Sir Edward and the Formidable Foe

Fiction By Emma Katherine // 6/5/2014

“Sir Edward the Brave!” the page announced as the aforementioned person entered the throne room, bowing low. He was unquestionably an impressive person, with his armor and long sword hanging on his belt. The king rose and stepped forward.

“Welcome to our kingdom. Be sure that thou art welcome in our palace. I trust that thou understandest our reason for thy presence?”

“Yea, even so, your majesty. I have been told there was an enemy to fight. There is no enemy too large for me.”

“Good, then we have no doubt that this will pose no problem. But come, tell me of your ventures.” Sitting down once more, he waved toward a chair. The knight took the seat and crossed his legs.

“As you may know, Sire, I am not one to brag about my quests, but there is one that strikes me as the most wonderful and unusual of them all and is fit to be told in a kings court. Thou seest, there was this great green eyed blue tongued lying dragon who could hypnotize anyone simply by looking at him...”

And as he told the stories of his past successes, the king sat round eyed and the sun slid lower until it disappeared below the horizon and the servants lit candles; and still he told stories until the king rose and said,

“Thy stories are truly intriguing, but now thou shouldst take thy rest, for thou must do battle on the morrow.”

So the knight stood and went to his chambers. He lit a candle and was just beginning to unbuckle his sword belt when he spotted a small creature upon the floor at the foot of the bed. It was a roach.

“Master Roach, if thou hast come to challenge me to single combat, I am afraid that thou must wait until the morning, for I feel sure that now is not a good time.”

The roach took one last look at him and ducked below the bed. The knight watched it and then called to it telling it to leave his room. But it showed not so much as an antenna. He tightened his belt back up and sat down to wait. This was one foe who would not catch him sleeping. He had slept in giants homes and under the presence of great dragons before, but this was worse. For its size made it hard to see and it could move so quickly. He decided that roaches were the last thing he wanted to fight with at the moment and so after an hours wakeful vigil he rose and left the room, and headed for the king's gardens. Once there he found sleep came quickly beneath the starry sky, and when he awoke, the sun was high in the sky. Leaping to his feet, and instantly learning the reason why he never slept on the hard ground with armor on, he stretched and entered the palace to find it in an uproar. One of the servants, spotting him, rushed up and dropped a curtsey.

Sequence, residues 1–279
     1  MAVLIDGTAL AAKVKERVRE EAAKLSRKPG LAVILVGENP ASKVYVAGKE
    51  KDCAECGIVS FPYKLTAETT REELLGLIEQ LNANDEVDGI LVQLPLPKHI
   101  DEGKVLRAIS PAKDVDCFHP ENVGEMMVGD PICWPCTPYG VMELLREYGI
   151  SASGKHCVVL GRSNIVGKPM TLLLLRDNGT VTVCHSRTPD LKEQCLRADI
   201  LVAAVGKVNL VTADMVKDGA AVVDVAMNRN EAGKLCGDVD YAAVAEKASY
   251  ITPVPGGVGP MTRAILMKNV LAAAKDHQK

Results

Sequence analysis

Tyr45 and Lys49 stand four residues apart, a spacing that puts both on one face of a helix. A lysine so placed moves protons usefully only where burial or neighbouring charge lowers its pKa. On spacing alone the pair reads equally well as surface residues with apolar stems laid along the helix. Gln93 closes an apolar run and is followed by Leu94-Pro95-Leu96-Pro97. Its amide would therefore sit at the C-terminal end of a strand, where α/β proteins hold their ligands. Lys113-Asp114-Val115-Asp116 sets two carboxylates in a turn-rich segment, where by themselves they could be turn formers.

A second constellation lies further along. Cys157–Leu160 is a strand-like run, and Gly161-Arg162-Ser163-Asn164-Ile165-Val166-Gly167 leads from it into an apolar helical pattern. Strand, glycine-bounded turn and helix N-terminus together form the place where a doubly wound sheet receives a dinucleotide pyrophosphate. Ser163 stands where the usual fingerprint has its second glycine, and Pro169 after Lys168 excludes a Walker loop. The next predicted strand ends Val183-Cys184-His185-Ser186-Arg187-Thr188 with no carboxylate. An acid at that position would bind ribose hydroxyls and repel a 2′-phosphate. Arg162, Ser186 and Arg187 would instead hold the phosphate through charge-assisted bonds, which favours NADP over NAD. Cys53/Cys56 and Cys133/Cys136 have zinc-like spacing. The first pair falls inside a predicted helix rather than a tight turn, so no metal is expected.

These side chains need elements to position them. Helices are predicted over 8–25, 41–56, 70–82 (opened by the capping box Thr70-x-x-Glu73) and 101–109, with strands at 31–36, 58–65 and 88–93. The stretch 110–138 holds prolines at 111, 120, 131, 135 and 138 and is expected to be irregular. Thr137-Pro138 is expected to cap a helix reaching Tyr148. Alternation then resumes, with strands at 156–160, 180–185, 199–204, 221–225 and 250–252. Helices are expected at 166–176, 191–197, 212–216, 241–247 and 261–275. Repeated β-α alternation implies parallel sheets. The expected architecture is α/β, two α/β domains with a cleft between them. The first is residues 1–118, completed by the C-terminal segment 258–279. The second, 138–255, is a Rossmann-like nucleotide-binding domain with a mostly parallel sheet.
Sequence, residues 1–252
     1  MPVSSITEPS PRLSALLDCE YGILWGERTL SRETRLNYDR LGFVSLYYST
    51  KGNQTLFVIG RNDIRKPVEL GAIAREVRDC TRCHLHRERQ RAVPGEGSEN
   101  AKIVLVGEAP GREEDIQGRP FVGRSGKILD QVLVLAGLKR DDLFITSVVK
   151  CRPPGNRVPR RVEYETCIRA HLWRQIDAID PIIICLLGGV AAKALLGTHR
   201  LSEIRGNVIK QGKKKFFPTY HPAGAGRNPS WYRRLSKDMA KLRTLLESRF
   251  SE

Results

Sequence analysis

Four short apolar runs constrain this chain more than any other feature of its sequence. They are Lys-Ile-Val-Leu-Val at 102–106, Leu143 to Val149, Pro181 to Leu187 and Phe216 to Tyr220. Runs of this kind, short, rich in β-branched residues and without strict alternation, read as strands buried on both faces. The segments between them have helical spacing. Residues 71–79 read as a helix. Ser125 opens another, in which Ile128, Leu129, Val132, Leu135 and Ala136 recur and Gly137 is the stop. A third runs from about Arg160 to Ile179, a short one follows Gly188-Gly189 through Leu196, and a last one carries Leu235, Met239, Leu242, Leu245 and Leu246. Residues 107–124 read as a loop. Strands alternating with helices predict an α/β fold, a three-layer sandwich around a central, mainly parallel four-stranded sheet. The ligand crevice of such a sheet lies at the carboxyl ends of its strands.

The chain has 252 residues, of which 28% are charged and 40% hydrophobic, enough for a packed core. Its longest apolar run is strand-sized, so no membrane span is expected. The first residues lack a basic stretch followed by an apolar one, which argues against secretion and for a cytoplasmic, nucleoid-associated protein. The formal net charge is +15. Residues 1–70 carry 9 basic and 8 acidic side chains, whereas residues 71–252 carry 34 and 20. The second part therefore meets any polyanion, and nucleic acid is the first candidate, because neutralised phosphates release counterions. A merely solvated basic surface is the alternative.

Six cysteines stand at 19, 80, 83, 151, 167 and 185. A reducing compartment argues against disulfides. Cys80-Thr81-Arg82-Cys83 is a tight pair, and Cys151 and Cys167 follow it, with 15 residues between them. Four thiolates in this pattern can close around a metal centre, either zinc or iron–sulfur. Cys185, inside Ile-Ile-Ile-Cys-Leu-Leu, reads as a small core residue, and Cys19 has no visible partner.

“Oh, Sir! It is good to see you! I hope you've rested well. The king has been searching for you.” Then in a whisper, “He thought you left because you were afraid of the coming battle.”

“Ha! ME? Afraid? I will teach that old man a thing or two. What's all the fuss about anyways? Why does he want me suddenly?”

“Another attack, Sir. You're to go to the king immediately.”

“Attack? I'll handle it. Don't you dare worry that pretty little face about a thing. Would you like to come and see the renowned Sir Edward the Brave in action?”

Her eyes widened eagerly. He started towards the king's throne room with the servant tagging along behind.
Once more the door was opened and the page announced him.

“Sir Edward the...”

“Never mind!” snapped the king, rising to his feet and coming forward. “Where have you been? You were not in your room, nor was your bed slept in at all. I thought you had deserted me.”

The knight's previous encounter with the king had given him the impression that he was short tempered and easily frightened. In short, one to start wars at the drop of a hat and surrender as quickly. But now, looking at him, he wondered whether perhaps he had underestimated him.

“He is clearly in terror,” he thought. Realizing too late that he had actually said it aloud.

“Terror? I am petrified! If you knew what I had been through perhaps you would have some sympathy!”

“I am truly mortified your majesty. I am ready for battle against the most formidable of foes. Of course there is still the matter of the reward.” He drummed his fingers on his sword hilt. He was prepared for the offer of half his kingdom in gold and his daughters hand in marriage and was unsurprised when that was the offer granted him. He waved his hand as though all that was frivolous in his eyes and countered it with his own offer.

“Your most gracious majesty, though I am sure that thy offer is meant kindly, I must make an objection, for I have at the forefront of my knowledge, the fact that thou hast no daughter. Nor even a son to be thine heir. If I should succeed in this coming battle, I would wish to become thy heir, have half thy kingdom in gold and the choice of all thy subjects to wed.”